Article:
Oral Health, Cancer and Risks for Sepsis
Certain types of cancer and treatments for cancer can result in low blood counts that protect against infection. A weakened immune system puts one at higher risk for an infection that can progress to a condition called sepsis.
Sepsis is defined as the body's overwhelming and life-threatening response to infection that can lead to tissue damage, organ failure, and death. According to Sepsis Alliance, every 2 minutes someone dies from sepsis in the U.S. – that’s more than from prostate cancer, breast cancer and AIDS combined.
Cavities and gum disease can potentially cause infection that spreads beyond the mouth, resulting in sepsis.
Signs that may indicate infection in the mouth include:
• Bad breath
• Bitter taste in the mouth
• Temperature sensitivity of the teeth
• Swollen gum tissue
• Swollen glands in neck
• Swelling in jaw
If you notice any of these signs, it is important to see a dentist as soon as possible. If you are currently receiving treatment for cancer, inform your medical team first and request that they contact your dentist prior to your dental visit to discuss your medical condition.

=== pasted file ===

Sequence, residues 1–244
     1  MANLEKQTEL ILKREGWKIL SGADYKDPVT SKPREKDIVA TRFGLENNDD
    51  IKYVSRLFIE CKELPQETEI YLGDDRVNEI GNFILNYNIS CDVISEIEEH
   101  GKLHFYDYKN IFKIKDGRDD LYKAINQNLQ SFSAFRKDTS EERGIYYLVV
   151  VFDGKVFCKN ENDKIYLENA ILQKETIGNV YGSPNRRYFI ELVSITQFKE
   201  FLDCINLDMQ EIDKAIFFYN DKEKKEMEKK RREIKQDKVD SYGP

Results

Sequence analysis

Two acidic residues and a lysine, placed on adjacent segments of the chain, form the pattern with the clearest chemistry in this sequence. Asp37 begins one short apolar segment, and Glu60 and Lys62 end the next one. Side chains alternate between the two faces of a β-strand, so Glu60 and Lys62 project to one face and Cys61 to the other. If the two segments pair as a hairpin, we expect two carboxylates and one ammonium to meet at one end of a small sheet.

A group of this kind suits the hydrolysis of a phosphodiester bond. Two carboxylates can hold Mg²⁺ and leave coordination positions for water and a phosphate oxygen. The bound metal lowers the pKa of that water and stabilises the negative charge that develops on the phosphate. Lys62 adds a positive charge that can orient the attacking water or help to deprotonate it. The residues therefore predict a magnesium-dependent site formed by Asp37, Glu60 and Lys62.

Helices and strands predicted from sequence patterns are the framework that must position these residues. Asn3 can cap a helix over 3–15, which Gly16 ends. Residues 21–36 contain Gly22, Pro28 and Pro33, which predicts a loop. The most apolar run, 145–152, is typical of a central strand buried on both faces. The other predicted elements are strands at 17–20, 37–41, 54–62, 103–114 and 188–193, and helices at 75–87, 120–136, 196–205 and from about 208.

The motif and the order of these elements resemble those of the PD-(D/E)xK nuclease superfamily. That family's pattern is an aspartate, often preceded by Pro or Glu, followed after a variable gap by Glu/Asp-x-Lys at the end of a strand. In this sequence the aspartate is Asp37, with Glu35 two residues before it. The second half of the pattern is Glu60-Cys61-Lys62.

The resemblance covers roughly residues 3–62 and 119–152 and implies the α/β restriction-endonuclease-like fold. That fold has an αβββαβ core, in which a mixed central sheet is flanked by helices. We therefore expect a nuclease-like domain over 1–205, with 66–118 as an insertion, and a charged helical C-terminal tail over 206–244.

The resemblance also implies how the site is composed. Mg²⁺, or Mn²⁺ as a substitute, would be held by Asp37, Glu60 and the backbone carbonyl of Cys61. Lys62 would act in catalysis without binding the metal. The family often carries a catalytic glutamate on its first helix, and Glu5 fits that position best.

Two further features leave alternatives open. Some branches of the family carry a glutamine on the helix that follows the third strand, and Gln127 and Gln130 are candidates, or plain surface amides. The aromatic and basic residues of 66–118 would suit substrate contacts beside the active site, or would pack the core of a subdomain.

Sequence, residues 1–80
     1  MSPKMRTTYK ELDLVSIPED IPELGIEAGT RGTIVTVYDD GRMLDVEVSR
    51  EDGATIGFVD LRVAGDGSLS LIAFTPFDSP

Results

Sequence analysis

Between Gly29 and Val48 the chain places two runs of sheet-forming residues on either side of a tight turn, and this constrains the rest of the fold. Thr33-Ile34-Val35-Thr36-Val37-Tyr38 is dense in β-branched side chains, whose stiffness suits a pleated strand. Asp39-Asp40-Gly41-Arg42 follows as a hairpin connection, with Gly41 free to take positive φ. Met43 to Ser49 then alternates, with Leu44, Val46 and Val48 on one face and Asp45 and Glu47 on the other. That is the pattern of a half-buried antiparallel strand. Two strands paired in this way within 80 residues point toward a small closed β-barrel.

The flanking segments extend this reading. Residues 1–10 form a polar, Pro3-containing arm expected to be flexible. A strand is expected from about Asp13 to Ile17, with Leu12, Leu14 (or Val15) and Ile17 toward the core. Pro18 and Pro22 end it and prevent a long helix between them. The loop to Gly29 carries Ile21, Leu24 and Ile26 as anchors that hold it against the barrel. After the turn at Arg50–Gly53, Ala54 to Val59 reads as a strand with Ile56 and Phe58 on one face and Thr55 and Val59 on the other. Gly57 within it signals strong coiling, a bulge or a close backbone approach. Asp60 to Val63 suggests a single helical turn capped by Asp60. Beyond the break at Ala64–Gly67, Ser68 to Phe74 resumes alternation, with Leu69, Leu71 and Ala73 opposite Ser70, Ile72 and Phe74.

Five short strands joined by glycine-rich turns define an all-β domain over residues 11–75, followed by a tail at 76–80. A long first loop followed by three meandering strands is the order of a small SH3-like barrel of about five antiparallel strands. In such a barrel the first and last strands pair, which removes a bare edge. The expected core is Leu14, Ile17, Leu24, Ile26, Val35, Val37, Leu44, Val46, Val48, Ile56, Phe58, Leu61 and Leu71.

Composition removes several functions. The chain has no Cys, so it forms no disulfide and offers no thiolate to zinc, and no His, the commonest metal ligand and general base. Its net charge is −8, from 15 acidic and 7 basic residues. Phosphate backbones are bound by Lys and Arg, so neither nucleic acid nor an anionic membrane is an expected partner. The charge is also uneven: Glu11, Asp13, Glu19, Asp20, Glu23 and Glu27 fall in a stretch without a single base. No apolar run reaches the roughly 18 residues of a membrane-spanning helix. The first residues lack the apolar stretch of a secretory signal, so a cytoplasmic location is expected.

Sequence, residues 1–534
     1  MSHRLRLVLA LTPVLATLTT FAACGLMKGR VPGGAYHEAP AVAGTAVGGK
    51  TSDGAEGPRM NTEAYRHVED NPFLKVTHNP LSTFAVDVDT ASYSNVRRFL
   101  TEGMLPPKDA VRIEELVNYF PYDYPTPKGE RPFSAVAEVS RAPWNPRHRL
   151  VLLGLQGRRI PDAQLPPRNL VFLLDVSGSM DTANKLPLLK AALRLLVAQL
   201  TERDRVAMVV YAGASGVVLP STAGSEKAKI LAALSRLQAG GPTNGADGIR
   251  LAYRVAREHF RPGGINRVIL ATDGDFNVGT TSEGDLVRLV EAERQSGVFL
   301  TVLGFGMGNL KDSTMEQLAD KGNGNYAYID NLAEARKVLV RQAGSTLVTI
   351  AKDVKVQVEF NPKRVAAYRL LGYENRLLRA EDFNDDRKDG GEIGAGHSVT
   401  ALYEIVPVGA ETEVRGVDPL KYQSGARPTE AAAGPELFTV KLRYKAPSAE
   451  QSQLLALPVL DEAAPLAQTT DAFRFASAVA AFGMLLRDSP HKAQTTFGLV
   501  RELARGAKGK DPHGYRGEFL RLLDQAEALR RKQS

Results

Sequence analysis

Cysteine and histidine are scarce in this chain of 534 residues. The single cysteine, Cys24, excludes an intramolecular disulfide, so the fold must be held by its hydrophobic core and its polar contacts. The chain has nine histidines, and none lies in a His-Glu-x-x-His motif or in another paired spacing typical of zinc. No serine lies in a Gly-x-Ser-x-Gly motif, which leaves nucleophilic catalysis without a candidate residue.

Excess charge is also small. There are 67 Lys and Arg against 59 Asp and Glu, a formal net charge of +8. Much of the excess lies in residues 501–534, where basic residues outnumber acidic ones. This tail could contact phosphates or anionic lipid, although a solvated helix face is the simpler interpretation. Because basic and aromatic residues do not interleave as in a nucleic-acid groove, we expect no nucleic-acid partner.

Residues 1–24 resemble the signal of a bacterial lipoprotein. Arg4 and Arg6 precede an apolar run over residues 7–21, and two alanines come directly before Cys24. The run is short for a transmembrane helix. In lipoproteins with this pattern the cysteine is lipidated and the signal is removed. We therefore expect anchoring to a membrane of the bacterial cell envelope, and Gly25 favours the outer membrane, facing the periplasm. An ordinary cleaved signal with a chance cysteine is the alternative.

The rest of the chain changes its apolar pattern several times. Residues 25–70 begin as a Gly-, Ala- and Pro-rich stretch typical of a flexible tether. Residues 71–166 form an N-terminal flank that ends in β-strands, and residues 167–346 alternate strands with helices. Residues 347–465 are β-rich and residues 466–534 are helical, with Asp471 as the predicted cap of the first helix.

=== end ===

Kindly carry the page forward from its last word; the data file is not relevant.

Protect yourself against mouth infections during cancer treatments.
• When possible, see your dentist BEFORE starting treatments. This visit should include a thorough examination, including x-rays, to determine any treatment needs and resolve potential infection sources.
• Keep your teeth clean. Have your teeth professionally cleaned prior to starting treatments. Dental plaque is full of bacteria. Think of brushing and flossing at home as being comparable to the importance of hand washing to prevent infection.
• Avoids tissue trauma in your mouth. Remove plaque gently with an extra soft, compact head toothbrush. Ask your dental professional to show you the correct way to floss to avoid injury. Be cautious with sharp, hot or spicy foods that may cause irritation.
• Treat dry mouth. A dry mouth is more likely to develop cavities and mouth sores.
• Take steps to minimize mouth sores. Open sores in your mouth are at high risk for infection. Talk with your doctor and your dentist to develop a plan to avoid or treat mouth sores during treatments.
Learn more about the risks for sepsis with cancer and dental health at: